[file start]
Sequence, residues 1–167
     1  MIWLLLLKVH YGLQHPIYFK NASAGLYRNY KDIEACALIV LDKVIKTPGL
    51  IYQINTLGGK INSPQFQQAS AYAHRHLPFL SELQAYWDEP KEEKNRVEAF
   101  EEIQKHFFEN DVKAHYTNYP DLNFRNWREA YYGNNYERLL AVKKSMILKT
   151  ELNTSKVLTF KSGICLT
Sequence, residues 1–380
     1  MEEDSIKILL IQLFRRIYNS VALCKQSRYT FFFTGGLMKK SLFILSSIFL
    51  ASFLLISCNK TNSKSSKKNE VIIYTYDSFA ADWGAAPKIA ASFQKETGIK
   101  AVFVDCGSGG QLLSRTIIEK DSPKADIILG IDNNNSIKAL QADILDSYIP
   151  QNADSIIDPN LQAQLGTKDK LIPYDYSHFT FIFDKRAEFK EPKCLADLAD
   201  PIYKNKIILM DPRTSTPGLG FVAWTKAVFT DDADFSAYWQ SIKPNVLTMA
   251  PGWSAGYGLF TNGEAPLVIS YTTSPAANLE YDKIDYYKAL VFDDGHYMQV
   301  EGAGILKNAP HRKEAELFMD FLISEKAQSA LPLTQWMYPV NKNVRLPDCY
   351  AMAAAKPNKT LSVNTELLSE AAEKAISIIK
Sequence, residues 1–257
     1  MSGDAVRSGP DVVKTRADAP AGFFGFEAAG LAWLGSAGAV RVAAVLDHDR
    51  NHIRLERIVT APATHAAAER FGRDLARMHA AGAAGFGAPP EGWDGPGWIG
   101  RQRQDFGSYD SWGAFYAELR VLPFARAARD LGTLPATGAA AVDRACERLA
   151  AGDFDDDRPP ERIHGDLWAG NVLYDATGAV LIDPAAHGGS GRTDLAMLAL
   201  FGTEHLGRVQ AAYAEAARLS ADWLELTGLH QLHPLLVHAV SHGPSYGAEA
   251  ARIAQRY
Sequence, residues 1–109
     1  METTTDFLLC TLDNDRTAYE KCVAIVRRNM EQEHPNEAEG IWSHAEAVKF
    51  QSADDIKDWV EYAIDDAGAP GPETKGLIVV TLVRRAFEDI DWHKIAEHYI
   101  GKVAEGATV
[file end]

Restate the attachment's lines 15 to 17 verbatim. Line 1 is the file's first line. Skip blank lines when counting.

Sequence, residues 1–257
     1  MSGDAVRSGP DVVKTRADAP AGFFGFEAAG LAWLGSAGAV RVAAVLDHDR
    51  NHIRLERIVT APATHAAAER FGRDLARMHA AGAAGFGAPP EGWDGPGWIG